As a consequence, no retraction of the helix and repositioning of the distal end of the lead was required for finding a suitable fixation position. However, the presence of an electrode surface intended for use when finding a suitable fixation location has been observed to have an impact on the energy consumption of a medical implant.
An object of the present invention is to provide an improved implantable lead for fixation to the myocardium of the heart.
According to an aspect of the present invention, an implantable lead for delivering electrical stimuli to a human heart has a proximal end for connection to an implantable medical device, a distal end for fixation in the myocardium of a human heart, an insulating flexible tube extending from the proximal to the distal end, and a conductor arranged in the flexible tube and extending from the proximal to the distal end for conducting the electrical stimuli from the medical device to the heart and for conducting sensed intrinsic cardiac signals from the heart to the medical implant. The distal end has a fixation arrangement for the fixation of the distal end in the myocardium, a stimulating electrode for transmitting said electrical stimuli to the myocardium after implantation, and a mapping electrode for transmitting the electrical stimuli to the myocardium and/or sensing intrinsic cardiac activity during implantation for finding a suitable fixation position in the myocardium. The mapping electrode is electrically connected to said conductor during implantation, and the lead is arranged for electrically disconnecting the mapping electrode from the conductor.
Thus, the invention is based on the advantageous insight of providing a separate electrode intended to be used solely for delivering electrical stimuli and sensing intrinsic cardiac activity during the implantation procedure, for the purpose of finding a suitable location for fixation of the implantable lead, and for electrically disconnecting said electrode from the medical implant, i.e. heart stimulator, and the stimulating electrode when the lead has been fixed to the myocardium of the heart. Such an electrode will in the following be referred to as a mapping electrode, since it is used during mapping, i.e. measuring and evaluating at different locations of the heart. The mapping procedure may include measurements of stimulation thresholds and/or intrinsic cardiac activity characteristics.
It should be noted that the phrase “electrically disconnecting” refers to the interruption of an electrical conducting path and is no indication of how the actual disconnecting is performed. For instance, an unplugging of an electrical cord would in this context be regarded as “electrically disconnecting”, even when performed by mechanical means or manually.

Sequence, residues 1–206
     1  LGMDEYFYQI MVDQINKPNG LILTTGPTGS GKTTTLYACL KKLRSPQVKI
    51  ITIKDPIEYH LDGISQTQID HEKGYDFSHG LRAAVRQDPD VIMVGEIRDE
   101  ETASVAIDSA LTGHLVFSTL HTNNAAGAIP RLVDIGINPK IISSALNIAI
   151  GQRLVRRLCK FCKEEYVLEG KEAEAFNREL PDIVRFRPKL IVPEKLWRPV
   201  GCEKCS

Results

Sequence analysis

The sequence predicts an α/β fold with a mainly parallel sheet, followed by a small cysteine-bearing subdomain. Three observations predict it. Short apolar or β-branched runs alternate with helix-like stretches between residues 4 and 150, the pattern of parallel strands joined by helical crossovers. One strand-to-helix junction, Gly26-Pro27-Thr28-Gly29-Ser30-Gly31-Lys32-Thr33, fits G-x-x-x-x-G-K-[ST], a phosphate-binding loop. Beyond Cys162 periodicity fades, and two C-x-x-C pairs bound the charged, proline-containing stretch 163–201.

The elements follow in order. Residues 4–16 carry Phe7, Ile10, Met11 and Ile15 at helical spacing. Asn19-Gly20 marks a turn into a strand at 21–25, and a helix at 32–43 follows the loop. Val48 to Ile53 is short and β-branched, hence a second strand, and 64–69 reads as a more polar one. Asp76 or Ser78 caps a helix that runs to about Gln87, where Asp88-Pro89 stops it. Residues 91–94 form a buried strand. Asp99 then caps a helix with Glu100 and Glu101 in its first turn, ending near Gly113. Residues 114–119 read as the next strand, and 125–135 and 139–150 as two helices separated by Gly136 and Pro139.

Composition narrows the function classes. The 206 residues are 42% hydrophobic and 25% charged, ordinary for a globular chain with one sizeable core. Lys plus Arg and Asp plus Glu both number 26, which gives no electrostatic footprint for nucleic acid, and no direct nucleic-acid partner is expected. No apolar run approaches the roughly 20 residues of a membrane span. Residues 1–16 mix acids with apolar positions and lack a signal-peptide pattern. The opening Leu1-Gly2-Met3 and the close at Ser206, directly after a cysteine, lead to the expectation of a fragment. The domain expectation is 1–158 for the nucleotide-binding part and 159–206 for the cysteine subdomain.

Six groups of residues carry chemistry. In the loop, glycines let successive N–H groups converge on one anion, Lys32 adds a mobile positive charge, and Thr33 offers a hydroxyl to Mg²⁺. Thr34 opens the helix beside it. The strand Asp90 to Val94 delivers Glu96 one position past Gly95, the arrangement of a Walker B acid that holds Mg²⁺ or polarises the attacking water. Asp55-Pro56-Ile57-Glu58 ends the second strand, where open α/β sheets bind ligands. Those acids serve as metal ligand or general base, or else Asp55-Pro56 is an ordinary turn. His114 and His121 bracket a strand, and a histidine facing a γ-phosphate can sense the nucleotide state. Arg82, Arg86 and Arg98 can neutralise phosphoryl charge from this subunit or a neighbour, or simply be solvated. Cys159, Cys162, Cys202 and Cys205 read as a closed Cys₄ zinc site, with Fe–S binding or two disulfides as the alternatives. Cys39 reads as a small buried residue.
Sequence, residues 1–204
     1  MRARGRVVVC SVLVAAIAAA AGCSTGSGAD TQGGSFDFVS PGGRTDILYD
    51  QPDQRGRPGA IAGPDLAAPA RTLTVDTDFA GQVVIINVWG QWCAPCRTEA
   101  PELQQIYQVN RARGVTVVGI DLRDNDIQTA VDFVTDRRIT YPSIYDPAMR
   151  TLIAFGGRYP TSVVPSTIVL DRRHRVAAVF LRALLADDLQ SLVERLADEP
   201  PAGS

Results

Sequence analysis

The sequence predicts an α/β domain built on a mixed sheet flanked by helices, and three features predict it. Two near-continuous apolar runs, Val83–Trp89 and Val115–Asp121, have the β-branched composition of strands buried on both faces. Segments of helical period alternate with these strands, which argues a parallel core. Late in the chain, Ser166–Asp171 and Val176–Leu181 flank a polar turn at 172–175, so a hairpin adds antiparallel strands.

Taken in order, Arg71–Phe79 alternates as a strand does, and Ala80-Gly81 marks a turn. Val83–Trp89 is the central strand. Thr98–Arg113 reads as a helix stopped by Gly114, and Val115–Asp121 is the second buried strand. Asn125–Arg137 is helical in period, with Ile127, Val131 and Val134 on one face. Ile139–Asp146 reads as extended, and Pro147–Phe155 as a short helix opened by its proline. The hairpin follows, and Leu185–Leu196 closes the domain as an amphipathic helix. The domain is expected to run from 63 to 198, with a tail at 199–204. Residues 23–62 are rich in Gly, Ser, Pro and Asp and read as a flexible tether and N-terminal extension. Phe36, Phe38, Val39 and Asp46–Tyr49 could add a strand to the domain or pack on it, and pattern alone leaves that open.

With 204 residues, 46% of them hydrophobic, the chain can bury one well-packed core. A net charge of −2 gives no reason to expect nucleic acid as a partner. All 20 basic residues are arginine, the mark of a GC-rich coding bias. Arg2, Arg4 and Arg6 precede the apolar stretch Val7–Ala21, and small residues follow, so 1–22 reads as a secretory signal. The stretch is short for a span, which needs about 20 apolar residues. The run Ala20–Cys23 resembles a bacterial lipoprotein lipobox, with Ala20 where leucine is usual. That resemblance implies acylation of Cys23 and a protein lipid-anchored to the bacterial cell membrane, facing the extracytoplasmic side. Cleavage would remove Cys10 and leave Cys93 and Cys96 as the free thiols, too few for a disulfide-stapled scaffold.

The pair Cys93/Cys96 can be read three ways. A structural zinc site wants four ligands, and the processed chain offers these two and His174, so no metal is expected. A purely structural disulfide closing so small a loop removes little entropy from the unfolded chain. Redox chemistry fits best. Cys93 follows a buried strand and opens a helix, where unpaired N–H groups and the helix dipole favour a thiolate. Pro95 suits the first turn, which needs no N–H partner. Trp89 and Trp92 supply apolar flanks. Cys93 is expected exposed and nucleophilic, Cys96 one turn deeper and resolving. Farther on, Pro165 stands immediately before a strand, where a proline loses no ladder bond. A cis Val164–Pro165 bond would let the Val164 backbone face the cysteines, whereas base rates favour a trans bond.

Furthermore, the term “conductor” refers to a single conductor arranged within and extending through the lead for conducting electrical stimulation pulses, e.g. pacing pulses, from the medical implant to the distally arranged stimulating electrode and mapping electrodes. However, the implantable lead can carry further conductors, such as connected to sensing electrodes, which will not be discussed further herein.
An advantage of providing a separate, electrically disconnectable mapping electrode resides in the enabled reduction of the contact surface area between the stimulating surfaces of the distal lead end and the myocardial tissue following implantation of the medical device. Thus, following implantation and fixation of the distal end of the implantable lead at a suitable location in the heart, the mapping electrode is electrically disconnected from the heart stimulator, such that only the electrode intended for stimulation at said location is connected for delivering electrical stimuli to the myocardial tissue. Thereby, the impedance between the stimulating electrode surfaces and the myocardial tissue is increased, which results in the energy content required for evoking a response in the myocardial tissue being reduced. This, in turn, results in a reduction of the overall energy consumption of the heart stimulator.